Cumberland Times-News

Editorials

August 17, 2013

No fading away for this old soldier

I do a lot of funerals in my years as a minister, and have done my share of weddings as well. It never gets any easier when you lay to rest a great Christian who really epitomized what a true Christ follower is.

Paul F. Clites has been a member of Calvary Baptist church for many years. He served his country in World War II and was still able to fit into his uniform as a 90 year old veteran.

He lived most all his life in Western Maryland and worked at Sears in Cumberland for a number of years serving this community in various tasks, doing his duty, living his life with respect and honor.

Paul was not the loud vocal type that was making his opinions known to all who came by, but quietly telling students and children the value of our heritage as Americans.

 You see, Paul was a soldier in 1943-44 in war-torn Europe. He visited many towns that summer of 1944 and freed many French, German and Belgian communities from the tyranny of a crazed, charismatic lunatic bent on destroying everyone in his path.

Paul took great pride in wearing that old faded olive green uniform of the U.S. Army Air Corps.

When high school students saw it at Mountain Ridge High School, they were in awe at this old legend who would come and tell them in his strained voice about D-Day in 1944 and the way our troops drove the Germans back.

The history department at Mountain Ridge HS and Calvary Christian Academy were blessed to have Paul come and share his stories of a different time in our history.

 Paul was not an officer or a hero in some battle, but he was loyal, faithful and respectful in this community. He obeyed the laws of our land, lived to honor his Lord and Savior Jesus Christ and influenced all who would stop by and talk about the old days, when we knew who the enemy was and how our nation could be great again.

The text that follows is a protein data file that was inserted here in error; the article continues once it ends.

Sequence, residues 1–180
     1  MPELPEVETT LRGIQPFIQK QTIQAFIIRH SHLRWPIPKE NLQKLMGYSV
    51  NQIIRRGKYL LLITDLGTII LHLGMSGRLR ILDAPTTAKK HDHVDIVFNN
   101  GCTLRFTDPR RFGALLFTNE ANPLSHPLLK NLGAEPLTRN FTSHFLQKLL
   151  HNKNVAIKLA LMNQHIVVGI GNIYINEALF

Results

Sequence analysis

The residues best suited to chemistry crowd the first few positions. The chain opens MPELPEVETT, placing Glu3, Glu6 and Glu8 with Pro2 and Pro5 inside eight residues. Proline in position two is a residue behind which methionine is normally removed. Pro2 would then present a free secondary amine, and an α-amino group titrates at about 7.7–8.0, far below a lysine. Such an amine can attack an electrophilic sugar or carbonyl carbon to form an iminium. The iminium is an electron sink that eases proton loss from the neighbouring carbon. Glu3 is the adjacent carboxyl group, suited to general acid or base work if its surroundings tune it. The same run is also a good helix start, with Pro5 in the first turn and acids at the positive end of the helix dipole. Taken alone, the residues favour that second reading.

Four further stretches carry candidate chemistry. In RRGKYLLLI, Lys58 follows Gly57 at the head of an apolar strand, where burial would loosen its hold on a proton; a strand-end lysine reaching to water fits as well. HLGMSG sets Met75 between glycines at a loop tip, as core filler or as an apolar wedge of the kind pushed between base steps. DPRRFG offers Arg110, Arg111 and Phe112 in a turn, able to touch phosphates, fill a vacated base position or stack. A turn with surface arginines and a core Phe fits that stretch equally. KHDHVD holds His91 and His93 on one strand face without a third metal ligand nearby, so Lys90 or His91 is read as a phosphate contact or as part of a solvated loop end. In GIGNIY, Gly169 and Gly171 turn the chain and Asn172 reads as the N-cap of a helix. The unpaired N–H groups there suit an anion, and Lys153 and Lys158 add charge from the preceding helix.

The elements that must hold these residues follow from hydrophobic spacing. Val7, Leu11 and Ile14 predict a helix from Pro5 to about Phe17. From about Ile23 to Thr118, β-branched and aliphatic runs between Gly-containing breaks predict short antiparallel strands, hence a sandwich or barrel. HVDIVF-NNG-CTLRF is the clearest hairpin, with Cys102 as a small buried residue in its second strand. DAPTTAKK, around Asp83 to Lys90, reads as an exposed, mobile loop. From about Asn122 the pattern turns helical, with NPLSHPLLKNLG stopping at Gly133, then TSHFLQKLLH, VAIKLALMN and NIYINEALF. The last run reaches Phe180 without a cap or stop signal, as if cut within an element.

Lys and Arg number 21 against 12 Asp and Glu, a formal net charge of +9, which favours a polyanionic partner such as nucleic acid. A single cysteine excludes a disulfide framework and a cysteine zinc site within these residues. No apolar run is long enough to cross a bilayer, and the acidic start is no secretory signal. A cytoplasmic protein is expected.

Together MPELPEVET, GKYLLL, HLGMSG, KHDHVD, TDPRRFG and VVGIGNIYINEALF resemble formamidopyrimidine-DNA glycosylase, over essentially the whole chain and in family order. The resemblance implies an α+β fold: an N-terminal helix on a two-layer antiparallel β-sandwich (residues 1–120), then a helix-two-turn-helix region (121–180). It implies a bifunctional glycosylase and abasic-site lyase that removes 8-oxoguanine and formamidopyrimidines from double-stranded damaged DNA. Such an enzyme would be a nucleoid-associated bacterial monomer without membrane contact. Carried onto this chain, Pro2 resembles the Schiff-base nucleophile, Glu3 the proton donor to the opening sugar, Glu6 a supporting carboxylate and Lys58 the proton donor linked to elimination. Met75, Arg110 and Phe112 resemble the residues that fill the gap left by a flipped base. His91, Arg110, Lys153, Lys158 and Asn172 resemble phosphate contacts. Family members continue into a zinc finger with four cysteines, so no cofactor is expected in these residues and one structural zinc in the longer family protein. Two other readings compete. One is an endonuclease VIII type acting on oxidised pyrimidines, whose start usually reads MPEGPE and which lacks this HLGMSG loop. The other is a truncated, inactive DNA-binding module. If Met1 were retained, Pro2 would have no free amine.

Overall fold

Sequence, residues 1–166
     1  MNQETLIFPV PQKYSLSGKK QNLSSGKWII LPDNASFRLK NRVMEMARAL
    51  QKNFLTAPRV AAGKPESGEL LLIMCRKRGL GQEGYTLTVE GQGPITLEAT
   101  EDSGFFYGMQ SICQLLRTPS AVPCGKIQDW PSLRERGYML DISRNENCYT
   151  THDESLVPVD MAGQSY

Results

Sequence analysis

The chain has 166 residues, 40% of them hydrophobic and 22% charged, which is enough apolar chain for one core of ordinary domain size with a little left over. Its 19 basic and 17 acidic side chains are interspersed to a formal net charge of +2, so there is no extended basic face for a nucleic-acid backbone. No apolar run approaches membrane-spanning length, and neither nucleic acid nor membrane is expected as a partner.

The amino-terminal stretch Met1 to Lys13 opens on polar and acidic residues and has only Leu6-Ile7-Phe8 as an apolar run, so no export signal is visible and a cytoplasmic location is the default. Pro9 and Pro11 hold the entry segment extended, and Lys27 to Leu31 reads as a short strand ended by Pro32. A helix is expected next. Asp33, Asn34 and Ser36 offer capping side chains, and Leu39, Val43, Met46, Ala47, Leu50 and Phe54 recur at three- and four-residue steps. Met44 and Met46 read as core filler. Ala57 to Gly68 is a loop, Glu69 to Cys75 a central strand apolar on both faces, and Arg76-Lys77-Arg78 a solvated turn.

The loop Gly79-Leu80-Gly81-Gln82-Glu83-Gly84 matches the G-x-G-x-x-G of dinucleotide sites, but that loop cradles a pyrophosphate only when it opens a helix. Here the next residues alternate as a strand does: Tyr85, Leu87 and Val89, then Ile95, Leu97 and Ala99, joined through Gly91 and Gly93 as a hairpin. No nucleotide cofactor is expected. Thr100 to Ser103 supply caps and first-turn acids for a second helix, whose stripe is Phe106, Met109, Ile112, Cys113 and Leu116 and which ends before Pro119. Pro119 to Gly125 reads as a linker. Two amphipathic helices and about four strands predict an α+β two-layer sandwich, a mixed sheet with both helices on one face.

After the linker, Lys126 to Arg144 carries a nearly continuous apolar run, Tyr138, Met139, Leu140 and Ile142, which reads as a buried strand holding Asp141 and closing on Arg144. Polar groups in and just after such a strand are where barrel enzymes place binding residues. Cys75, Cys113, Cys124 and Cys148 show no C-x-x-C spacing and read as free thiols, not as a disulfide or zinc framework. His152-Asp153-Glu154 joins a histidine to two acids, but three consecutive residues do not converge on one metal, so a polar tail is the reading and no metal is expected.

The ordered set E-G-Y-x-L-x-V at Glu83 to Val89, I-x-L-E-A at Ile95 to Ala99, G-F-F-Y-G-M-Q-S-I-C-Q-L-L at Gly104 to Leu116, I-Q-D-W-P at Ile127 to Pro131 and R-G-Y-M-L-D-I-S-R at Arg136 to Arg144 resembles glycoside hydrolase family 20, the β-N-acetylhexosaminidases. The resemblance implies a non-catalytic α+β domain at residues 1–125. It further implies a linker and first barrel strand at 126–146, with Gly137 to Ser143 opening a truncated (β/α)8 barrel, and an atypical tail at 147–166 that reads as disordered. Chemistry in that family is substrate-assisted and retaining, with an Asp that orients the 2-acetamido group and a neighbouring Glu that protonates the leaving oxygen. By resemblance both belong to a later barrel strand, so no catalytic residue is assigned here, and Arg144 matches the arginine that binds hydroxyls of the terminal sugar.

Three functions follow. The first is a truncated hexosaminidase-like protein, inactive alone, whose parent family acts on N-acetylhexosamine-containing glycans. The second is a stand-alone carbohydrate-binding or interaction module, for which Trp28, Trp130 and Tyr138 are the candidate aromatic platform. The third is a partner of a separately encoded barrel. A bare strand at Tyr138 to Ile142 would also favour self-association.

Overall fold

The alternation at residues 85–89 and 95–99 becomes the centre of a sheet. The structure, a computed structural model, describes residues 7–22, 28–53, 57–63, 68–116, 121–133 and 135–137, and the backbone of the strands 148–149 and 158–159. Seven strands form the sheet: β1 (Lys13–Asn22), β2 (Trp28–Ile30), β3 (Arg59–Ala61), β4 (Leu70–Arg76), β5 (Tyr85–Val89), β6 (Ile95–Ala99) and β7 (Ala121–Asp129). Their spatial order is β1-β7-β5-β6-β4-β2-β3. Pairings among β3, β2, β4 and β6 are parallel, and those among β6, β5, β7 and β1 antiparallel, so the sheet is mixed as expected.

Tom Brokaw writes in “The Greatest Generation”:

“I now know that it is in those small ceremonies and quiet moments that this generation is appropriately honored. No fanfare required. They’ve had their parades. They’ve heard the speeches. They know what they have accomplished and they are proud. They will have their World War II memorial and their place in the ledgers of history, but no block of marble or elaborate edifice can equal their lives of sacrifice and achievement, duty and honor, as monuments to their time.

Douglas MacArthur said in  1951: “Old soldiers never die they just fade away”

Paul is not fading away — he has a home in heaven — prepared for those who know the LORD. He is not fading — he is healed — never cold again — with his Daisy Pearl and thousands of other vets and my dad — JOHN.

Paul is no longer sick, no longer tired, no longer weak. He was a man’s man — an example of kindness, love and devotion.

Allegany County was blessed to have him live here. We bid you farewell until we meet again in heaven. We need more Paul Clites in this world. Let’s not forget our vets and what they mean to our heritage.

Pastor Bruce A. McBride

Calvary Baptist Church

Cresaptown

 

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